Relative Desirability of Metformin vs. Birth Control Pill in Treating PCOS in Women of Later Reproductive Age (SHK002)

  • End date
    Apr 30, 2024
  • participants needed
  • sponsor
    University of Virginia
Updated on 15 February 2022
type 2 diabetes mellitus
impaired glucose tolerance
insulin sensitivity
Accepts healthy volunteers


The goal of this study is to determine the relative desirability of metformin vs. oral combined hormonal contraceptives (OCs) in treating Polycystic Ovary Syndrome (PCOS) in women of later reproductive age. Polycystic Ovary Syndrome Questionnaire (PCOSQ) score will be used as a proxy for patient satisfaction. In light of their respective effects on the classic and metabolic facets of PCOS, metformin will provide non-inferior patient satisfaction compared to OCs in later reproductive age women with PCOS.


This is a randomized, controlled, double-blinded, crossover study. The investigators will recruit women with PCOS in ages 40-49 yo. Subjects will be randomized to either receive metformin (2000 mg daily) or low dose oral contraceptives (OCs: 20 mcg ethinyl estradiol/norethindrone acetate 1mg) for a total of 6 months, and they will crossover to the other treatment for the following 6 months. Subjects will have the following assessed at baseline and 6 months after each study medication: blood pressure, weight, waist-to-hip ratio (WHR), average intermenstrual cycle length (in the previous 3 months), Ferriman-Gallwey score (as a measure of hirsutism), total testosterone (T), sex hormone binding globulin, calculated free T, fasting insulin, fasting glucose, 2-h glucose (during oral glucose tolerance test), Matsuda index, HgA1c, LDL-cholesterol, HDL-cholesterol, triglycerides, estimated cardiovascular risk (Framingham risk score), health-related quality of life using both PCOS questionnaire (PCOSQ) and the Short-Form Health Survey (SF-36), and severity of anxiety using Generalized Anxiety Disorder-7 (GAD-7) questionnaire. For safety surveillance, the investigators will measure electrolyte levels, renal function, liver function, and pregnancy tests immediately before study mediation initiation and every 3 months. For statistical analysis, per PCOSQ domain, the post-treatment QoL scores will be analyzed via a linear mixed model (LMM), in which the LMM will be specified in accordance with a 2 treatment by 2 period crossover design. The investigators determined that if 73 subjects complete the study, the investigators expect to have at least an 80% chance of rejecting the null hypothesis that QoL is inferior with metformin therapy vs. OCs.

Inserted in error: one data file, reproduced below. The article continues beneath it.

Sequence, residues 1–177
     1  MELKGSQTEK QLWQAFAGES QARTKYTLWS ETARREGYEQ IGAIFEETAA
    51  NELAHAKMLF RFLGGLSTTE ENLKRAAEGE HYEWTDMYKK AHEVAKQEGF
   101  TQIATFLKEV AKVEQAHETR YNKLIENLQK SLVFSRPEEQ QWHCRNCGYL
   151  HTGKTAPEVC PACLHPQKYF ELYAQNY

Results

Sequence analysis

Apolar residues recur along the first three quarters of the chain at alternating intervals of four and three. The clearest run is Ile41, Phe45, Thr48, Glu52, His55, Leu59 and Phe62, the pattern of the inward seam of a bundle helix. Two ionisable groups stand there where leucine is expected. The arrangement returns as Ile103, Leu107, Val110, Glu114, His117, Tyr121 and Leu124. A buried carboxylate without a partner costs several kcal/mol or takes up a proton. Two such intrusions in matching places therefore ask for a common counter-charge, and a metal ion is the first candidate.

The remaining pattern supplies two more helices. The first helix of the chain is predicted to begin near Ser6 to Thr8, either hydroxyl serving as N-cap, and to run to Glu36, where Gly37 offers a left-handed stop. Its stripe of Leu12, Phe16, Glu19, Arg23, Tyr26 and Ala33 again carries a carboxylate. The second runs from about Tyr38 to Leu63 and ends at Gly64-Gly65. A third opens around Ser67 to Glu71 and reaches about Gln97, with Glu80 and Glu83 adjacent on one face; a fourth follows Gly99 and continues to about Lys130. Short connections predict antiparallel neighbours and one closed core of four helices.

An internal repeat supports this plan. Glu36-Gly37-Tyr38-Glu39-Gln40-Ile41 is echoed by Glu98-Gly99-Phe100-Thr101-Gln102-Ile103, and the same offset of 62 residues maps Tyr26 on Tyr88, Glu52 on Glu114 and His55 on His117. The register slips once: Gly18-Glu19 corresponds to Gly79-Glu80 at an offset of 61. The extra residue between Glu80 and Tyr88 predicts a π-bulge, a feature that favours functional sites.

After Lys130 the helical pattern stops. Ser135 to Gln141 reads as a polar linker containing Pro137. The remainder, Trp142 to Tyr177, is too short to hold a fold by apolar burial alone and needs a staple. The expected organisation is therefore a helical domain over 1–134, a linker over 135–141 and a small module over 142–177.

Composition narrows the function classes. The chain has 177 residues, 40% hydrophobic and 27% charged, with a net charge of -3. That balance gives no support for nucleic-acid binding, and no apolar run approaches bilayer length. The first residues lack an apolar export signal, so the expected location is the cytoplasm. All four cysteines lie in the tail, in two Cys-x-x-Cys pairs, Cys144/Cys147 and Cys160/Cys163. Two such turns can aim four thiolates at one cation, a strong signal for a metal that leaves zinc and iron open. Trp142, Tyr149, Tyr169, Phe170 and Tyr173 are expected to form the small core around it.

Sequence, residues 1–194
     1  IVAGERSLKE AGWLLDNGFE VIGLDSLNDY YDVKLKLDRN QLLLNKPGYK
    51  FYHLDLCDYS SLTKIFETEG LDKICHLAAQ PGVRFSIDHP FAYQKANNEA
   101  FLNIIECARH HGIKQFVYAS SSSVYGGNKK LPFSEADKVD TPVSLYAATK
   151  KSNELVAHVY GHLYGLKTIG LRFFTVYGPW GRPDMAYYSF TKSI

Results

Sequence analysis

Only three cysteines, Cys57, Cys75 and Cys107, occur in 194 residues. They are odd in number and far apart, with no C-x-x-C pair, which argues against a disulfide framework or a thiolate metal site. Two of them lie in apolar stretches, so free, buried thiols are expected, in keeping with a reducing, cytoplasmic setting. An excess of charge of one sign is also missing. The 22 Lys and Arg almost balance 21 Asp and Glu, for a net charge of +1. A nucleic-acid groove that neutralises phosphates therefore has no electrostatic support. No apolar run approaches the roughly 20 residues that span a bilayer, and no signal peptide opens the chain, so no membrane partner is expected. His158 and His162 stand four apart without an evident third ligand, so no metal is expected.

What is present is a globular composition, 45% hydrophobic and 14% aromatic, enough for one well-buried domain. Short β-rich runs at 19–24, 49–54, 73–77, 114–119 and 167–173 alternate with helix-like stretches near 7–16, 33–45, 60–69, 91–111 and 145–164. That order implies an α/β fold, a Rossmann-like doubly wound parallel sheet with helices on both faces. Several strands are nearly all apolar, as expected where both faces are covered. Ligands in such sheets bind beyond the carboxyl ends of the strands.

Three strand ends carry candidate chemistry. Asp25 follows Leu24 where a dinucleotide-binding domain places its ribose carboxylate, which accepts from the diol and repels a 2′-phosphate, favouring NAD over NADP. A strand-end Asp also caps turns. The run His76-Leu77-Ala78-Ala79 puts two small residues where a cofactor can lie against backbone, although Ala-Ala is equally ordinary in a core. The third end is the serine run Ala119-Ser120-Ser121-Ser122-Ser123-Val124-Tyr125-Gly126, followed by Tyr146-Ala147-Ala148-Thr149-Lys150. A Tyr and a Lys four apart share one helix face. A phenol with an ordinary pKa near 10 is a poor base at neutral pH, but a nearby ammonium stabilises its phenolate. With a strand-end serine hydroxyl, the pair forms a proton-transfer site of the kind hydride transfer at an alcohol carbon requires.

Condition Polycystic Ovary Syndrome
Treatment Metformin, Oral combined hormonal contraceptives
Clinical Study IdentifierNCT03905941
SponsorUniversity of Virginia
Last Modified on15 February 2022


Yes No Not Sure

Inclusion Criteria

Women with PCOS aged 40-49 years. Subject is considered to have PCOS if she has current or verifiable history of: a) clinical and/or biochemical evidence of hyperandrogenism plus b) oligomenorrhea or irregular menstruation (substantially inconsistent menstrual cycle length). Subjects with fewer than 10 menses/year or average menstrual cycle length >35 days are allowed to participate if they have a compelling past history of oligomenorrhea (average menstrual cycle length >45 days or fewer than 9 menses/year) or irregular menstruation
Screening safety labs within normal reference ranges although mild abnormalities that are common in obesity and/or hyperandrogenism will not be grounds for exclusion (see exclusion criteria)
Subjects must be willing and able to provide written informed consent
Willingness to strictly avoid pregnancy (using non-hormonal methods) during the time of the study
Willingness and ability to comply with scheduled visits and study procedures

Exclusion Criteria

Postmenopausal status (i.e., absence of periods for previous year plus elevated follicle stimulating hormone [FSH] level)
Biochemical evidence for perimenopause as defined by an anti-Mullerian hormone <0.5 ng/mL. As an alternative, cycle day 3 FSH > 9 IU/L (with concomitant estradiol level >80 pg/mL), if this testing is available, will serve as evidence of perimenopause status. NOTE: If FSH >9 IU/L on screening (but it is not cycle day 3), FSH and estradiol will be repeated on cycle day 3